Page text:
I read the first two in the City of…series recommended by Kelly.  I enjoyed them.  Great mix of 'slayer' lore and fantasy and real life.  I enjoyed the characters but am a little nonplussed by the brother/sister attraction current that runs through the series. I think that it will probably work itself out in the third book, but I hope that comes soon.  I like that the heroine is a red-head.  All heroines should be.  I give this series a B+. Enjoyable but not earth shattering or full of things to discuss.  My next book, The Diamond of Darkhold on the other hand, does. It's the fifth in the "Ember" series by Jeanne DuPrau.  VERY GOOD.  These books are so full of things to talk about, forgiveness, selfishness, responsibility, prejudice etc.  Also how to care for the world and it's people. ALL OF THEM.  I listened to this book in my car and often had to stop and talk to myself about things it brought up.  Satisfactory conclusion to the series.  Pride and Prejudice and Zombies.  Well it lives up to it's name.  It was funny and somewhat gross, but I got a kick out of this quirky rewrite of one of my fave books of all time.  Change of Heart was sad and deep and very good.  I read it in conjunction with Reading for Life and we had much to discuss about faith and Justice and belief.  Jodi Picoult always makes you think.  So does Eoin Colfer when he writes his stand alone books. Airman was no exception. It reminds me of what Steven King wrote in the Shawshank Redemption: "Either get busy living, or get busy dying". Airman tells the story of a young boy whose life gets totally upended in one event.  Goes from being loved and cherrished and becoming a flier, to being a prisoner whos father hates him, who bears on his concience the inability to save the king and his mentor from murder.  It was a lovely book, lyrical and sad. You almost feel the loss of hope, but then discover life again, bit by bit with Conner.  I highly recommend this book for boys about 12-15. It's something you can read with them and talk about too.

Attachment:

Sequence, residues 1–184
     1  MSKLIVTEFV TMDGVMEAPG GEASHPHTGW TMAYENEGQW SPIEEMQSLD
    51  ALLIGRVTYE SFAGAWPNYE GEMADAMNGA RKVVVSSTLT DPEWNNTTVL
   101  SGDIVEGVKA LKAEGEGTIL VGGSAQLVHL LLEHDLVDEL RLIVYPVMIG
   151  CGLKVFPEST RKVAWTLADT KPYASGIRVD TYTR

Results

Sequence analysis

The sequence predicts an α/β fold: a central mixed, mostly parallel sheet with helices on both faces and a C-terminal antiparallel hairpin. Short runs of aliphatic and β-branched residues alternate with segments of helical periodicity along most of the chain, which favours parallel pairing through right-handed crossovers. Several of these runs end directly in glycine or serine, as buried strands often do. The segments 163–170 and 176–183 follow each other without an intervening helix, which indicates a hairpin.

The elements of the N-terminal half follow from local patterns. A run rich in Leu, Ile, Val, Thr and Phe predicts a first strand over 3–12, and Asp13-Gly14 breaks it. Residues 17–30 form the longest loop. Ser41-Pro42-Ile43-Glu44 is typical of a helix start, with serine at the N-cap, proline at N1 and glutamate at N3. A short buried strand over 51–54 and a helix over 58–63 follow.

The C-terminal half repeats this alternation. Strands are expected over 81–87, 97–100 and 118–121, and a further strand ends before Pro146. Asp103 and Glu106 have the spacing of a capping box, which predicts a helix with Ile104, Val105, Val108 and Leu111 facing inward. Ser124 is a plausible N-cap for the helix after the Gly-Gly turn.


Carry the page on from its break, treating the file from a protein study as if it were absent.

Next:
I also read two more in the Underland series by Suzanne Collins.  Gregor and his family have a lot to learn in the Underland when they discover that the people there aren't too different in thier motives than the people on the surface.  Gregor again has to choose the best option time and again, and has to learn about life , loyalty and how to be a person of integrity towards all species.  Suzanne Collins is a gifted writer and the books are enjoyable and fly by easily.  I'm looking forward to finishing this series.